Earlier today Reliance Jio Infocomm or Jio moved the bankruptcy court against Rcom or Reliance Communications tower unit, Reliance Infratel as per ET Telecom. This was done with the intention of seeking disclosures of the forensic audit reports of the tower company whose accounts were called fraudulent by some lenders.
In a virtual hearing, Vikram Nankani, representing Jio stated that they wanted a copy of the forensic audit report that was disclosed to them so that they could make an assessment of how it would impact the resolution plan.
For those of you unaware, back in December, the NCLT or National Company Law Tribunal's Mumbai bench had allowed Jio's resolution plan to take place which would pick up the tower and fibre assets held by RCom for under Rs 4,000 crore which would have gone to the lenders.
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Then, a week weeks post this, SBI, Union Bank of India and Indian Overseas Bank clarified accounts of the bankrupt telco as well as its units as fraudulent. These units included Reliance Telecom and Reliance Infratel. The allegations came a year post a forensic audit that led to the reveal of transactions of Rs 5,500 crore in the three Anil Ambani-led Reliance Group entities.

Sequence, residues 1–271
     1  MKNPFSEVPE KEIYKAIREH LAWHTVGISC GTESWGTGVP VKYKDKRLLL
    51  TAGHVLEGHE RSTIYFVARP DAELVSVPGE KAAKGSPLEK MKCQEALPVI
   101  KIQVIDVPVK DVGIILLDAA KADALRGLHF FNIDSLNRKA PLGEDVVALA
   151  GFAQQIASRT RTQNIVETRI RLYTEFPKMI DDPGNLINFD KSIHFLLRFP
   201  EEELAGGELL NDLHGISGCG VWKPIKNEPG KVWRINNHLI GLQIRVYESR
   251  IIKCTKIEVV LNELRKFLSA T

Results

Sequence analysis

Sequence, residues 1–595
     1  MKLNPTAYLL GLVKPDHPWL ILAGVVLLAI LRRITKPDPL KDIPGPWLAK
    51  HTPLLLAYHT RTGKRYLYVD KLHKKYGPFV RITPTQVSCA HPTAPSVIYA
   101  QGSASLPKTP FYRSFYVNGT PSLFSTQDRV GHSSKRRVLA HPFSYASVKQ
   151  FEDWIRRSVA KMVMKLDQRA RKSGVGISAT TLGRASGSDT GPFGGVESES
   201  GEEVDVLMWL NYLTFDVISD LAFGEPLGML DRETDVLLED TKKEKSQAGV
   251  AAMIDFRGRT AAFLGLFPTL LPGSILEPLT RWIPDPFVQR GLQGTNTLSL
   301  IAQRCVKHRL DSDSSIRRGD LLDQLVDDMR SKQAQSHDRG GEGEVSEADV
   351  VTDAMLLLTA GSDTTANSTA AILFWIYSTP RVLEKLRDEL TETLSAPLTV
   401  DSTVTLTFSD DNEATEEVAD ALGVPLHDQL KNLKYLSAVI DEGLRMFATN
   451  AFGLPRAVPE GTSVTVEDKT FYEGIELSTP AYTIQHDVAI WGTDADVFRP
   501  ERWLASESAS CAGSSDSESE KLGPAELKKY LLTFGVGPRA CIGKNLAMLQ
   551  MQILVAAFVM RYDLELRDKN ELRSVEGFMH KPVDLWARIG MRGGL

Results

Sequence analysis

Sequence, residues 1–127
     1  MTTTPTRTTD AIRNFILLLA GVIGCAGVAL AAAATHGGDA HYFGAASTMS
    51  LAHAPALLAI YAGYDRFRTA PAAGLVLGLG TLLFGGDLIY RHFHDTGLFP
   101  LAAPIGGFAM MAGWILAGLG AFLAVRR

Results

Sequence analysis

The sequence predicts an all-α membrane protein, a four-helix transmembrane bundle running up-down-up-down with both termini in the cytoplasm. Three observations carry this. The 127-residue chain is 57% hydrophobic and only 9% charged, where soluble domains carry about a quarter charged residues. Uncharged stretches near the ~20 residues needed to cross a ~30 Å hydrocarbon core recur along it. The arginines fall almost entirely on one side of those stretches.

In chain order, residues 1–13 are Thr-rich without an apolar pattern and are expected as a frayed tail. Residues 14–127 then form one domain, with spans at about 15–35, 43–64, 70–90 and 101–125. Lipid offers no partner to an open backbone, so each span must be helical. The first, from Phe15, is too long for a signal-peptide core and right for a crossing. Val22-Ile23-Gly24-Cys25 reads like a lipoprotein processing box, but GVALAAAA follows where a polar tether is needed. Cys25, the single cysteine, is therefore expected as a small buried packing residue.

The probe that focused on the transactions that took place between May 2017 and March 2018 found three large entries that were hidden under hundreds of thousands of others that, as per the SBI-headed lenders’ group suspects could conceal fund diversion.
On Thursday, Jio via its Reliance Project and Property Management Services unit sought the audit details from Reliance Infratel’s Committee of Creditors or CoC consisting of SBI, Union Bank and Indian Overseas Bank. In the application, the telco told NCLT that it wanted to see the audit reports to know why the accounts were called fraudulent.
Nankani stated that, as it appeared that the forensic audit report was available with the banks back on the 15th of October 2020. So, on the day on which their lordships approved the plan, which was the 3rd of December 2020, this report was available with the banks. They did not disclose the same, they did not disclose this to their Lordships, in fairness, they should have done it.
This development could further delay the lender's bid to make recoveries from the bankrupt telecom infra company which according to legal experts is the only one among the three whose resolution plan had been finalised by the NCLT.